ANS is committed to advancing, fostering, and promoting the development and application of nuclear sciences and technologies to benefit society.
Explore the many uses for nuclear science and its impact on energy, the environment, healthcare, food, and more.
Nuclear Installations Safety
Devoted specifically to the safety of nuclear installations and the health and safety of the public, this division seeks a better understanding of the role of safety in the design, construction and operation of nuclear installation facilities. The division also promotes engineering and scientific technology advancement associated with the safety of such facilities.
Conference on Nuclear Training and Education: A Biennial International Forum (CONTE 2023)
February 6–9, 2023
Amelia Island, FL|Omni Amelia Island Resort
The Standards Committee is responsible for the development and maintenance of voluntary consensus standards that address the design, analysis, and operation of components, systems, and facilities related to the application of nuclear science and technology. Find out What’s New, check out the Standards Store, or Get Involved today!
Latest Magazine Issues
Latest Journal Issues
Nuclear Science and Engineering
Fusion Science and Technology
Nuclear energy: enabling production of food, fiber, hydrocarbon biofuels, and negative carbon emissions
In the 1960s, Alvin Weinberg at Oak Ridge National Laboratory initiated a series of studies on nuclear agro-industrial complexes1 to address the needs of the world’s growing population. Agriculture was a central component of these studies, as it must be. Much of the emphasis was on desalination of seawater to provide fresh water for irrigation of crops. Remarkable advances have lowered the cost of desalination to make that option viable in countries like Israel. Later studies2 asked the question, are there sufficient minerals (potassium, phosphorous, copper, nickel, etc.) to enable a prosperous global society assuming sufficient nuclear energy? The answer was a qualified “yes,” with the caveat that mineral resources will limit some technological options. These studies were defined by the characteristic of looking across agricultural and industrial sectors to address multiple challenges using nuclear energy.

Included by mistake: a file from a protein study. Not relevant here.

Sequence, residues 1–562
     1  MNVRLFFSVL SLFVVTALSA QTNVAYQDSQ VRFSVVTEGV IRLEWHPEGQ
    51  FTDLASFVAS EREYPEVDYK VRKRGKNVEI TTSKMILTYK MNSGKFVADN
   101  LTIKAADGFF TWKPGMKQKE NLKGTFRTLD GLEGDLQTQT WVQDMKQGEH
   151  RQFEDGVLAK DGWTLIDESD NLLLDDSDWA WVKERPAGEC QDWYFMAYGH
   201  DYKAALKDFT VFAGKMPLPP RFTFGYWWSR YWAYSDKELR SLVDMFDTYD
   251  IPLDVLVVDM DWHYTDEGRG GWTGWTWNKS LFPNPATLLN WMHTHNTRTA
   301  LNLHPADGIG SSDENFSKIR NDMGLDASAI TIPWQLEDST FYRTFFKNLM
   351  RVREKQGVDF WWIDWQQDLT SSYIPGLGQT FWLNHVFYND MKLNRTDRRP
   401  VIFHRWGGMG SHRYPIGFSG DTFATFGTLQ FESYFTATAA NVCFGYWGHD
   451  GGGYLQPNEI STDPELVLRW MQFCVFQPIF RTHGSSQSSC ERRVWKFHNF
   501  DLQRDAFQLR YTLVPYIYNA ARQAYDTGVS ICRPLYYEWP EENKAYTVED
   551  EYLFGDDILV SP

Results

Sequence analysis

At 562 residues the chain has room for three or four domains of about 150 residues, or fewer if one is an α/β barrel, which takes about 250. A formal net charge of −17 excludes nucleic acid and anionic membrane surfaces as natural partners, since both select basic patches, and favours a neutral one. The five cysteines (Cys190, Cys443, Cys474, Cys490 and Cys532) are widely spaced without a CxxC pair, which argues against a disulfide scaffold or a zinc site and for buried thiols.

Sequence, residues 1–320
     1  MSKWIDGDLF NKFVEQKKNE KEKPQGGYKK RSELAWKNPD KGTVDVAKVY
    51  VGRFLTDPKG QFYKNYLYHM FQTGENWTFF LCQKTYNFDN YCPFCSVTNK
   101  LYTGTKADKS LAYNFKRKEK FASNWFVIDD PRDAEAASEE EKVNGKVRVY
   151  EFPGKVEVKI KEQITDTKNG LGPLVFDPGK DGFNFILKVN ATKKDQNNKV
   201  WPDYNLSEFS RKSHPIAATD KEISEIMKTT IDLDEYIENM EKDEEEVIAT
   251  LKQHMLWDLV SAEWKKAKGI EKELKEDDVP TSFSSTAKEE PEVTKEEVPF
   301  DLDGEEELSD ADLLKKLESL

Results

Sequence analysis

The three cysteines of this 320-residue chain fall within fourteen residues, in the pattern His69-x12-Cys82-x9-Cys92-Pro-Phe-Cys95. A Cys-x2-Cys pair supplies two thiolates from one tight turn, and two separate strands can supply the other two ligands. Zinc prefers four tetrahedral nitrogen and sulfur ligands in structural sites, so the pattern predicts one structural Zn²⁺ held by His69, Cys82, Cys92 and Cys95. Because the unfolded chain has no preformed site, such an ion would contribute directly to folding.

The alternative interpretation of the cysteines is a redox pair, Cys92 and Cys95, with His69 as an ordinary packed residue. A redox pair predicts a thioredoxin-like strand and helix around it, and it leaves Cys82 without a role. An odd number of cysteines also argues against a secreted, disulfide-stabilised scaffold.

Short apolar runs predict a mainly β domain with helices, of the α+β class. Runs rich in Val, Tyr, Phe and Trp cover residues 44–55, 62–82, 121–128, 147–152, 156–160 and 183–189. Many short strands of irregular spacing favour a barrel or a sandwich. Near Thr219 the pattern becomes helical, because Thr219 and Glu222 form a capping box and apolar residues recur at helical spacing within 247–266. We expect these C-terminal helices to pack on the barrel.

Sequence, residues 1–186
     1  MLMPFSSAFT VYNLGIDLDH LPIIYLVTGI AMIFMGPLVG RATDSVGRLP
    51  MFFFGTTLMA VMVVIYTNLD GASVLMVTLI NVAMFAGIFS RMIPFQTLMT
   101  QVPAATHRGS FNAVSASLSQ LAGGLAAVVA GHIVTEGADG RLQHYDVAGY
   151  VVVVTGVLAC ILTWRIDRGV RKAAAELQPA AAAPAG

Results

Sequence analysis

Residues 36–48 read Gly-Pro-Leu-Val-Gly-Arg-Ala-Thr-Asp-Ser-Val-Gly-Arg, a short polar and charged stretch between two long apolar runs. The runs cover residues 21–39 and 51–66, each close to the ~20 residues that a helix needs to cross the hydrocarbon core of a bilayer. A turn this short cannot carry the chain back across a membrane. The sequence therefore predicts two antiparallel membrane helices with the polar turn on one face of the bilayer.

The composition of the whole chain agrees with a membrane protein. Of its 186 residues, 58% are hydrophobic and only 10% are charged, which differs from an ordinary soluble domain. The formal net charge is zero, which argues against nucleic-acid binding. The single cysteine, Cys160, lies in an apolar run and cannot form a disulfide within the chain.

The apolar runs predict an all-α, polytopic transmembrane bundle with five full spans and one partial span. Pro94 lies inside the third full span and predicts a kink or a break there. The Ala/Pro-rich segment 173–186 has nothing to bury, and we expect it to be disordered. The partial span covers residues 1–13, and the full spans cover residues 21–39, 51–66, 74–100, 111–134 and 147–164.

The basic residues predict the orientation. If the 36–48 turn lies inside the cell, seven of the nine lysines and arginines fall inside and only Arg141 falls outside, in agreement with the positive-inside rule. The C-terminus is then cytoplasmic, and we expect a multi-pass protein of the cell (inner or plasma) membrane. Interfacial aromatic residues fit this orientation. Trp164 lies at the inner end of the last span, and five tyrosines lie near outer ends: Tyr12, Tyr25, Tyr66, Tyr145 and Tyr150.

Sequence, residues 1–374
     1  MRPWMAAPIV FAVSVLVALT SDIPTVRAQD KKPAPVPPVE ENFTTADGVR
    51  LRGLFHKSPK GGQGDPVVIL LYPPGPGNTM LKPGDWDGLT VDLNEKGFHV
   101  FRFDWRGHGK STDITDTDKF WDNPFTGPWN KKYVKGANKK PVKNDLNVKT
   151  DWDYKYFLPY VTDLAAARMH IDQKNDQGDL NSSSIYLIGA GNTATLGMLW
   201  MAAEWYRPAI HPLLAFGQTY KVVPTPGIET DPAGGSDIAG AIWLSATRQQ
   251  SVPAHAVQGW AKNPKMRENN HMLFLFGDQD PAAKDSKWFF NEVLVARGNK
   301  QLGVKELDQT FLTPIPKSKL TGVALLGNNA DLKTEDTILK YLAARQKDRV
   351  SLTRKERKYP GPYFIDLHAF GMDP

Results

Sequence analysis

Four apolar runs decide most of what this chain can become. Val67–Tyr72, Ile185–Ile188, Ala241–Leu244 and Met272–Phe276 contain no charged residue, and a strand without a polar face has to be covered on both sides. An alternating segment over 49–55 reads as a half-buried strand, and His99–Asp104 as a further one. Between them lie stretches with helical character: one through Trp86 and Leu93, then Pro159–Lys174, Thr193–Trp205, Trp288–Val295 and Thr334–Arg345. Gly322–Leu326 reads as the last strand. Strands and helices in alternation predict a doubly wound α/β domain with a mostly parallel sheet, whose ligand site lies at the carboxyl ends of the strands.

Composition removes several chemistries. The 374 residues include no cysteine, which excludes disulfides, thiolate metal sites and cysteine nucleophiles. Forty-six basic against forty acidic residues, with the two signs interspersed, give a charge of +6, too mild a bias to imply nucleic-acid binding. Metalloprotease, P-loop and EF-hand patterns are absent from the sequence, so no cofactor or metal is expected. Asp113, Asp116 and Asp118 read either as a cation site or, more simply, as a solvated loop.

Chandrakanth Bolisetti, Justin Coleman, William Hoffman, Andrew Whittaker
Nuclear Technology | Volume 207 | Number 11 | November 2021 | Pages 1687-1711
Technical Paper – Special section on the Seismic Analysis and Risk Assessment of Nuclear Facilities | doi.org/10.1080/00295450.2021.1932175
Articles are hosted by Taylor and Francis Online.
Seismic analysis, design, and qualification of systems, structures, and components (SSCs) is a significant contributor to the capital cost of a nuclear power plant. To reduce capital costs of advanced nuclear power plants and make commercial nuclear energy more competitive, innovations are needed in their structural design and construction, and not just in the reactor core and associated systems. Seismic isolation has been identified as an important cost-cutting technology that enables standardization of equipment across various sites. This paper develops and demonstrates a cost- and risk-based seismic design optimization of a representative safety system in a nuclear power plant with the dual goals of minimizing overnight capital cost and meeting safety goals. The design optimization can also include component seismic isolation, in which case, the optimized design includes a set of equipment that needs to be seismically isolated to minimize capital cost. The open-source codes MASTODON and Dakota are used for seismic probabilistic risk assessment and design optimization, respectively. A generic nuclear facility with a safety system comprising SSCs that are common to nuclear power plants is considered for the demonstration of the design optimization and is assumed to be located at the Idaho National Laboratory site. Generic costs and seismic design cost functions are assumed for the SSCs of the safety system. The sum of the costs of the SSCs is minimized in the optimization process, while the risk of failure of the safety system is provided as a constraint. Results show that the optimization process reduces capital costs significantly while automatically prioritizing the safety of SSCs that contribute most to the risk of the safety system.